Pajama People

My Grandad John is an interesting mix of curmudgeonly (he tends to grunt rather than speak) and sentimental (he wore sunglasses to our weddings to hide his tears); I think he tended to be a softie when it came to his grandchildren. Nevertheless, all of us – my siblings and cousins – have our own story of The Time Grandad Yelled At Me. (My brother probably has more than one, actually, since, as the boy, he was required to work on the farm with Grandad and therefore was more often in his proximity.) My sisters’ stories have to do with vehicle mishaps, I believe – either getting stuck in the mud or locking keys within. For me, it was pajamas.

One Christmas, when I was 10 or 11, my parents went on a trip and left us all with our grandparents. (I think I was in 6th grade, in fact, because I’d gotten my first Walkman for Christmas. My other grandparents took me and Jana to see Yentl, which I despised, and then shopping at the mall, and I bought my very first cassette tape. Not the Yentl soundtrack, for I did not care whether Papa could hear her, but Air Supply. I wore out that tape.)

Anyway – while at Grandma and Grandad’s house, we spent the day doing a lot of nothing – playing games, reading, golfing. One day during this idyll Grandad came home for lunch, looked me up and down, and said: “Krista, why are you still in your pajamas? What’s the matter with you? Be a person, go put some clothes on.”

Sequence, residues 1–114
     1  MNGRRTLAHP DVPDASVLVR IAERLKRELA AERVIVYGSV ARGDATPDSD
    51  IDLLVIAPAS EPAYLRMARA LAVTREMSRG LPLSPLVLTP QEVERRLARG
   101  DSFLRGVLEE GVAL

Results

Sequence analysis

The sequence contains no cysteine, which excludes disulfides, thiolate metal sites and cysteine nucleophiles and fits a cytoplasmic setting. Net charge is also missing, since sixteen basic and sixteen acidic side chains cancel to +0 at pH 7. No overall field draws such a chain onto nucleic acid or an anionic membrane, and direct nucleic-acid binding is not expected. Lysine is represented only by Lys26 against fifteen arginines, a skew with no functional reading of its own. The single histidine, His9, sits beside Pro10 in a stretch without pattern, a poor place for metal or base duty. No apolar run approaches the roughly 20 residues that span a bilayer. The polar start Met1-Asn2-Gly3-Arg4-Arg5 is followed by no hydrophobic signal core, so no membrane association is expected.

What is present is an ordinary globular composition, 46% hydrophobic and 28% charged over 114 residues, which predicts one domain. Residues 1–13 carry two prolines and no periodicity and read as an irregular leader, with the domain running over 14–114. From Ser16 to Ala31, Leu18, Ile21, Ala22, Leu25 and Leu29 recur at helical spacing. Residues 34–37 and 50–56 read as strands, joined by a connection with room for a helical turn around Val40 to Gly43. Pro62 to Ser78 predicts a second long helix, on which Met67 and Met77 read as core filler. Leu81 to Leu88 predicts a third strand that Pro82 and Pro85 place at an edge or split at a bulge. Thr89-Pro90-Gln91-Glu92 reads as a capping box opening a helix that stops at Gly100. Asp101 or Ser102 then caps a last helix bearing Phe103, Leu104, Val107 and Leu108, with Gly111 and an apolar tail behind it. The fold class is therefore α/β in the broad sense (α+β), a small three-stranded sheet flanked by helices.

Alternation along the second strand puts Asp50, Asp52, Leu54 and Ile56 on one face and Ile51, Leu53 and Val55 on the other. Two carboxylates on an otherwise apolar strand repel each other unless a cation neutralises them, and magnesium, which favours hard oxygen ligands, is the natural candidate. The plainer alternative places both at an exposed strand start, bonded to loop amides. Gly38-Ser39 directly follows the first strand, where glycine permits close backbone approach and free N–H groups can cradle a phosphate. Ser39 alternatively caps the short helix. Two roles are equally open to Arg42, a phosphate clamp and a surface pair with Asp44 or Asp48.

I was crushed – crushed! – by this criticism. I slunk off to the bedroom to change, fuming in the way only an 11-year-old girl can fume. Who cared if I was still in my pajamas? What did it matter that I hadn’t gotten dressed yet, even though it was close to noon? It’s not like we were going anywhere or doing anything important. And hadn’t I helped Grandma clear the table after breakfast and gather up laundry to wash, all in my pajamas? Wearing pajamas had nothing to do with being a person! Grandad was so mean!

Silly to have gotten so upset over it, of course, but I was, and it stuck with me. Not, perhaps, in the way that Grandad would have liked. To this day I have a reluctance to change out of my pajamas unless absolutely necessary; nor do I suggest to my children that they should change out of their pajamas unless we’re leaving the house. (Why muck up another outfit, for one thing?) Phoebe, being a fashionista, will usually change first thing in the morning (and then at various points throughout the day), but Mallory is content to stay pajama-ed until we go out for dinner. On weekends, if I do change, it’s usually into something pajama-esque. (Once Chris watched me change out of my pink pajama top and grey knit pajama pants into a pink sweatshirt and grey yoga pants and said: “And the point of that was…?”)

All this I do for comfort, of course, and out of pure laziness. But I do it with a little flash of defiance, too. I’m a pajama person, and I’m proud of it.


aimee said...

That is hilarious. He actually said, be a person?

I'm glad you are blogging again. :)

Chris said...

Huh. And here I was feeling guilty if I let the girls stay in their pajamas all day; I confess on a lot of days I make them change into real clothes right before you get home from work, lest you think I'm slack with them. Guess I know now you don't care! Good to know! :)

Karen said...

I think taht he told one of your cousins to be a person also and she stayed mad at him for, like, 10 years!